Can’t Sleep at Night? Guidelines for Improving Sleep Quality

In our modern lifestyle, I see that many of our lives are like cars throttling forward 24-7 nonstop, with the brake pedals irreparably broken. And we only slow down because our fuel tank is empty, or by driving off a cliff. I use these metaphors to illustrate how some of us fall unconscious from sleep deprivation, or realizing that sleep is desperately needed only after a major mistake is made because of the lack of sleep. So I would like to ask ourselves: Why do some of us choose to skimp on sleep, when we know we will regret it later on?

It is no surprise, with many of us having to juggle work, commute, education, and cram in college for that last minute exam. Our schedule forces us to skip sleep just so we can enjoy ourselves, whether it be spending time with our loved ones or playing videos games… However, others don’t have the option to sleep if afflicted with insomnia. But there is a way out.

Why is Your Sleep Important?

Sleep improves cognitive function. We need sleep so that we understand what we are doing. Being sleep deprived is the equivalent of a BAC (blood alcohol concentration) of up to 0.1%

Memory and Learning are Consolidated during Sleep. We need sleep to store our newly made memories in the Hippocampus of the brain, and to restore brain equilibrium by removing toxins that accumulate in the brain cells during the day. In this way, sleep prepares the brain for learning.

Chronic Sleep Deprivation is accumulative. That means your mental acuity & health deteriorates the longer you go sleep deprived. Your brain needs sleep time to repair, move out toxins from the cells, and re-map newly made memories for long term storage. Note that although a person can bounce back from short term sleep deprivation, chronic sleep deprivation accrues the damage.

Long Term Potentiate (LTP) diminishes with sleep deprivation. Long Term Potentiate refers to the strengthening of synapses and neuronal connections that allow long-term increased signal transmission between two neurons. LTP occurs when a piece of information is repeated and relearned multiple times. LTP is strongest in children; that is why rote memorization is still a commonly implemented learning method for children. In layman’s terms, LTP is the process that knowledge is imprinted or carved into the brain. The end result is that you can work with that piece of knowledge quicker and learn related information faster.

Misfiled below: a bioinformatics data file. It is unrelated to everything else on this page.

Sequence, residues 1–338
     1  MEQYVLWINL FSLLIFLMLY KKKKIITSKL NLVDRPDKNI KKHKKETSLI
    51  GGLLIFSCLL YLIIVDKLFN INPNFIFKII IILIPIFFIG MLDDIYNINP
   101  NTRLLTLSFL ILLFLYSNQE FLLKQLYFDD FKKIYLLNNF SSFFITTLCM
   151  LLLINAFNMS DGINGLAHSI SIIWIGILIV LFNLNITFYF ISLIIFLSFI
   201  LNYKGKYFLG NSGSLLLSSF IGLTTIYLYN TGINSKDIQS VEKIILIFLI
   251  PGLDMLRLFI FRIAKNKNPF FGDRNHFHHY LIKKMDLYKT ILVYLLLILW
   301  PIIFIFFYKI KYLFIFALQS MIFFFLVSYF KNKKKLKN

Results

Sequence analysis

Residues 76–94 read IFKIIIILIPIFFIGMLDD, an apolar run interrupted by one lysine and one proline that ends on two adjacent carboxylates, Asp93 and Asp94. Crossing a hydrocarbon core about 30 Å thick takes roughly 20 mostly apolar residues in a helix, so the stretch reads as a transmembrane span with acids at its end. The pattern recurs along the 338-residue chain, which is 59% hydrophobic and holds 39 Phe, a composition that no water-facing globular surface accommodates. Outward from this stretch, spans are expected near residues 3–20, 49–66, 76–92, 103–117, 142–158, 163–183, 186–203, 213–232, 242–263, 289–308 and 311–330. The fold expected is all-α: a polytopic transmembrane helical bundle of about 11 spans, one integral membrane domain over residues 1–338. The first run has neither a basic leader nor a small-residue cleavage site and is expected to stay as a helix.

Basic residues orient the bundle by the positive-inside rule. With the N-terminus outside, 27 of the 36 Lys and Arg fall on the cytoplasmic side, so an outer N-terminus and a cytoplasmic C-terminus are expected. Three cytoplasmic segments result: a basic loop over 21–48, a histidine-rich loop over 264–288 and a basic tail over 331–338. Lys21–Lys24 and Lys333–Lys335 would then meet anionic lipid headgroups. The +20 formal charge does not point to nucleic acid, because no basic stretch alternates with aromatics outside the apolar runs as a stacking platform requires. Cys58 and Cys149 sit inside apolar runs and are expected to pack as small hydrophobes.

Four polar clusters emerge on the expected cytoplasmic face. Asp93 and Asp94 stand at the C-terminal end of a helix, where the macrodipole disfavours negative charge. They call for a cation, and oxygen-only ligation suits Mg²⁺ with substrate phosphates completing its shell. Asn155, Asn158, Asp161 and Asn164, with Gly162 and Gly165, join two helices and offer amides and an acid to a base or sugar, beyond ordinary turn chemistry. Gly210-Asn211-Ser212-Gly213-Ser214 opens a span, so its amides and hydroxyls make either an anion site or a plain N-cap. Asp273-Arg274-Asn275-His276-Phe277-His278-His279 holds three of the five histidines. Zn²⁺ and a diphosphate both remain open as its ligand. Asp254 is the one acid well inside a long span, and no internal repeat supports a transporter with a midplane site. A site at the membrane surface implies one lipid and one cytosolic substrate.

Sleep regulates our appetite. We need sleep to avoid overeating and therefore to stay thin. Less sleep means more stress, and more food to cope with that stress. Note that less sleep affects the hormones that make us hungry. For example, less sleep causes less leptin to be secreted, and more ghrelin is produced as a result. Leptin is the hormone that makes us feel “satiated” when we eat, telling us to stop eating when we are full. Ghrelin is the hunger hormone that tells the brain that we are hungry and that we need to eat. So sleep deprivation in the long term can cause significant weight gain.

What Harms Your Quality of Sleep?

Sleep apnea, or when you stop breathing temporarily, can quickly ruin your quality of sleep. Sleep apnea can last from between a few seconds to minutes, and can happen up to 30 times within an hour of sleep. The most common cause of sleep apnea is when the airway is temporarily collapsed or blocked, called obstructive sleep apnea. Signs of this condition include snoring and long pauses in breathing. Another type of sleep apnea is called central sleep apnea, which happens when the brain does not send signals to your lungs to breathe. The result is that your body will make no effort to breathe for a brief period of time.

Sleep apnea harms your quality of sleep because when you can’t breathe, your body detects the lack of oxygen and interprets it as a danger. The body quickly reacts by releasing fight or flight hormones. The result is that you either wake up prematurely or your sleep becomes shallow, so that when you wake up in the morning, you are left feeling groggy and tired.

Exposure to EMF may disturb your quality of sleep. I learned this from another person’s personal experience, moving to a home located near a power line. The power line emitted electromagnetic frequencies that gave her migraines during the day and insomnia at night. Moving to a different area, she found out that she didn’t suffer the same symptoms.